But even though the missteps on Nothing Was The Same are glaring, and have the adverse effect of severely diminishing the creative triumphs, they are still only a fraction of the album. For the majority of the album, Drake capitalizes. “The Language” is a shining example of a rapper who is cognizant of his own talents, and the methodical flow Drake employs on the song makes for an enjoyable listen throughout. The world Drake inhabits is mostly unexplored territory; a rapper just as serious about rapping as he is about signing. This is a difficult juggling act, but Drake and 40 have proven their chemistry is strong. Even so, a song like “Hold On, We’re Going Home,” is a brave endeavor for anyone claiming allegiance to hip-hop, and yet, the song is undeniably catchy. Songs like “Connect” and “Too Much,” remain true to the Drakean blend of hip-hop on the R&B rocks.
Other than “Tuscan Leather” and “Started From The Bottom” of course, possibly the most emphatic musical statement on the disc comes with “Pound Cake/Paris Morton 2.” On “Pound Cake,” Drake and Jay collaborate on the same thematic basis as their first collaboration, “Light Up” from Thank Me Later. After Jay spits one of the most memorable verses of the year and flourishing piano of James Evans commences, Drake storms the stage. From word one, it’s evident that the once humble kid from Toronto has grown into a self-assured star, and in his frank assessment, has no one to thank but himself:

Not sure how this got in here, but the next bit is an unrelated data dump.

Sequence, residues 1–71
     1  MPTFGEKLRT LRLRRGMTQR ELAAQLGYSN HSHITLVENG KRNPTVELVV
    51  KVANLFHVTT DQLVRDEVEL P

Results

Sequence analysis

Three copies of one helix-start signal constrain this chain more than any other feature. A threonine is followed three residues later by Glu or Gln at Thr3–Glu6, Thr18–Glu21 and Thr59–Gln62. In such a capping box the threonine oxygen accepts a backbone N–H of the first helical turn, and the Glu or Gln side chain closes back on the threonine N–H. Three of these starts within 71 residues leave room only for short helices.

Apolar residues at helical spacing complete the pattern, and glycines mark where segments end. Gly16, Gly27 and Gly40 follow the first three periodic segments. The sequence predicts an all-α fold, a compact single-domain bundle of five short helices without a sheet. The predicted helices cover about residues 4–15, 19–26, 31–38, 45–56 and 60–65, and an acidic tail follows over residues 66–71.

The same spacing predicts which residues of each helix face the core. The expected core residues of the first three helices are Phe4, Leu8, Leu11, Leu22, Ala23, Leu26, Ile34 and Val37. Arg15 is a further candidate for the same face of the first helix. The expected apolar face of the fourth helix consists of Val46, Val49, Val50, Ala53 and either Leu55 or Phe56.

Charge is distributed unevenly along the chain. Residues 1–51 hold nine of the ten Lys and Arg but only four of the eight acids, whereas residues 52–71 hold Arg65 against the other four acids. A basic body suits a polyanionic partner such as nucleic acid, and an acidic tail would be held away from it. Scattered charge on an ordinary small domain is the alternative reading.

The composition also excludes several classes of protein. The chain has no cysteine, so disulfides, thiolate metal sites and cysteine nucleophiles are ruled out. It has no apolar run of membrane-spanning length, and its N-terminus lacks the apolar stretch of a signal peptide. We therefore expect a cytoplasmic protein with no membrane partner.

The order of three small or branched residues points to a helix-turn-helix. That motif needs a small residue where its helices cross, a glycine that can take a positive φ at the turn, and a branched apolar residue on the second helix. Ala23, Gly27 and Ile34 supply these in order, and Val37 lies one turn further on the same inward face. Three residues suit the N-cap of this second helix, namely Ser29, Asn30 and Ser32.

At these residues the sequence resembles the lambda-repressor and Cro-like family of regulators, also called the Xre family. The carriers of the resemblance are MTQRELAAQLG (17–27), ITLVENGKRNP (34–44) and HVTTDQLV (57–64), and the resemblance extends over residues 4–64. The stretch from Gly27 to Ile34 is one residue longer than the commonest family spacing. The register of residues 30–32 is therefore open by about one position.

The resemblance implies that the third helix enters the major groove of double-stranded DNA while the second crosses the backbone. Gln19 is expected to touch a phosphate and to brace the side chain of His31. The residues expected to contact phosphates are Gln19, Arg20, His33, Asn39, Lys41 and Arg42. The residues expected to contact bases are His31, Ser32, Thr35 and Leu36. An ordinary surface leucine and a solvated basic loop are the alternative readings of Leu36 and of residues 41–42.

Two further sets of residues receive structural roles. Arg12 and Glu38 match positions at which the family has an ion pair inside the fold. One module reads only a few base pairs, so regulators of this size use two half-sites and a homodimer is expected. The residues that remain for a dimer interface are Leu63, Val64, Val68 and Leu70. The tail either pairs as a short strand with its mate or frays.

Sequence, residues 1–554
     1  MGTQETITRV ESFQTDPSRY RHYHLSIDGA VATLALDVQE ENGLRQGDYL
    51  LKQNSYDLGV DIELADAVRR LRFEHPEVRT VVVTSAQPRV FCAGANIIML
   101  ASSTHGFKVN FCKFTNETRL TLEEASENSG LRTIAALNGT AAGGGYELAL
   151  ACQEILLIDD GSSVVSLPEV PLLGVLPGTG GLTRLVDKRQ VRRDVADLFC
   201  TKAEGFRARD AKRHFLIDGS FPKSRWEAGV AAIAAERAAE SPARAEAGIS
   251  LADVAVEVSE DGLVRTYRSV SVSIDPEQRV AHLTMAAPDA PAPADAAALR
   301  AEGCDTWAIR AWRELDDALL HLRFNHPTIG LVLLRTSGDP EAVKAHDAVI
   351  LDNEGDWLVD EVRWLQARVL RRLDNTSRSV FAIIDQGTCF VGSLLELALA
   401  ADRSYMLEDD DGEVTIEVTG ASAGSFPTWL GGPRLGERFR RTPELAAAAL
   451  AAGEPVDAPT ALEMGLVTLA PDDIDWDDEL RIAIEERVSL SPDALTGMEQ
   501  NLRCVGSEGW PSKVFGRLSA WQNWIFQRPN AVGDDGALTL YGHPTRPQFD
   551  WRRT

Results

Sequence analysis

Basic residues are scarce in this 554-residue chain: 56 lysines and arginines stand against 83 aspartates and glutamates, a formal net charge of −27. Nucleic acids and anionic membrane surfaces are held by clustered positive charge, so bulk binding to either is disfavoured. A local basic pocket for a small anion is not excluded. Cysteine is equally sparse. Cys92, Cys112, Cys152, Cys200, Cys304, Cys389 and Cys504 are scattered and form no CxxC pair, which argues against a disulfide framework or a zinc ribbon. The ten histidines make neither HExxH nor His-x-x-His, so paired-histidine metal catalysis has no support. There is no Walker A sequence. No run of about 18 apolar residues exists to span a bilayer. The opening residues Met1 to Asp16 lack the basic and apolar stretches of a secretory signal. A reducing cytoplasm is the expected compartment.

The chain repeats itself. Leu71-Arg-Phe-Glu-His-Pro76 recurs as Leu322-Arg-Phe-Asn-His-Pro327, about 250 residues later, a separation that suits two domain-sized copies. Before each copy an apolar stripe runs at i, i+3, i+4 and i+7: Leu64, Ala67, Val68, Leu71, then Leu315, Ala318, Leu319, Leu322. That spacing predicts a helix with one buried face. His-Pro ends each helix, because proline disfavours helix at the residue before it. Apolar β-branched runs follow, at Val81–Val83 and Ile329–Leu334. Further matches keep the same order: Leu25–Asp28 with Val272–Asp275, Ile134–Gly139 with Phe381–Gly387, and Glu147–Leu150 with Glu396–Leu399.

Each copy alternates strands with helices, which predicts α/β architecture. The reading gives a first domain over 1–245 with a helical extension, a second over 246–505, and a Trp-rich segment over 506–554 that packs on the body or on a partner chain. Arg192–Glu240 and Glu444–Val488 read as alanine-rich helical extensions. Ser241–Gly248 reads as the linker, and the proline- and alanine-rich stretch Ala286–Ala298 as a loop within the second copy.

“Like I should be less aggressive and pessimistic
Like I should be way more nervous and less dismissive
Like I should be on my best behavior
And not talk my shit and do it major like the niggas who paved a way for us
Like I didn’t study the game to the letter
And understand that I’m not doin’ it the same, man, I’m doin’ it better
Like I didn’t make that clearer this year
Like I should feel–I don’t know–guilty for saying that
They should put a couple more mirrors in here so I can stare at myself”
It remains to be seen whether Drake can continue this level of album quality in his subsequent releases, but with three quality studio albums and a classic mixtape to boot, it appears that the world will be forced to reckon with the former Degrassi actor for a long time to come.